Huff Vows to Return Cash after Abruptly Shuttered School
Leaves Students and Teachers Owed Thousands
Shortly after being named Small Business of the Year by State Senator Bob Huff, the Montecito Fine Arts College of Design abruptly closed its doors in July, leaving students and teachers alike dumbfounded without pay, and without answers. However, Montecito Vice President and wife of the college’s founder showed no restraint when donating $1,000 to Huff’s re-election campaign a month after the college received his award.
According to state election records, Vice President Trisha Zhang, wife of founder Ed Kuckelkorn, donated $1,000 to Huff’s 2012 re-election campaign committee on June 29, almost a month before the college unexpectedly closed down on July 30. Zhang’s generous donation came just a month after her and her husband’s school was named Small Business of the Year by Senator Huff.
Senator Huff, representative of the 29th Senate District said he did not know the college was struggling financially, and has announced that he will return the donation made by Zhang.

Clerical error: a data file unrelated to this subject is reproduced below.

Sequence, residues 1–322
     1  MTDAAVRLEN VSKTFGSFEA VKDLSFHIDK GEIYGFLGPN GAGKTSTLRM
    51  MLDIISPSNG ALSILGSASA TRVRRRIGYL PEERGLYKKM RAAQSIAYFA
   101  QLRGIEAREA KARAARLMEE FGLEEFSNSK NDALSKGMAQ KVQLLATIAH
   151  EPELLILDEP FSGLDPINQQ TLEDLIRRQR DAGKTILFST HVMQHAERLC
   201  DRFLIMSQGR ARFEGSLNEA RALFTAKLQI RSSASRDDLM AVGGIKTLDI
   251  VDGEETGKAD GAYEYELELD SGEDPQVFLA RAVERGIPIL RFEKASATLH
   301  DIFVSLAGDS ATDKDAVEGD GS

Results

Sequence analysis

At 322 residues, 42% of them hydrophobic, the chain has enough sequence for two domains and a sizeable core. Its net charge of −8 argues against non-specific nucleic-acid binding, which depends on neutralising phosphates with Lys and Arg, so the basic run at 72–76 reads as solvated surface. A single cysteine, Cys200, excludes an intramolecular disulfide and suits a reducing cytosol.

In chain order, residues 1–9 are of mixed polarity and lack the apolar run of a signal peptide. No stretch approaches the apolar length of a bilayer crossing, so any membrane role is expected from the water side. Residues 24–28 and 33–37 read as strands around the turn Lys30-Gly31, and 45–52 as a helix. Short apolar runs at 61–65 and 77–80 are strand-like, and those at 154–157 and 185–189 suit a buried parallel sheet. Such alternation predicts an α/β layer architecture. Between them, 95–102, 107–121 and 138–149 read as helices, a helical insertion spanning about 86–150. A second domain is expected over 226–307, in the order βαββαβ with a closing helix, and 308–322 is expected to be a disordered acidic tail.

“I had the privilege of touring the facility last fall and I was very impressed with the school and their involvement in the community,” said Huff in a statement before the college shut down.
“With President Ed Kuckelkorn at the helm of the Montecito Fine Arts divisions, it is no surprise that the business has blossomed into the success it is today.”
However, the school’s financial situation left many employees short of pay, and students abandoned.
The California State Labor Commissioner has already awarded former employees of the school thousands of dollars of unpaid wages which had been filed at the Department of Industrial Relations.
Montecito Fine Arts College of Design was founded in 1977 as an atelier by Kuckelkorn, a studio providing fine art classes to local artists. The school later expanded to several other locations in the San Gabriel Valley, broadening into other professional areas of design.
Nearly 1,000 students were enrolled at the College’s three schools, where over 100 faculty and staff were employed.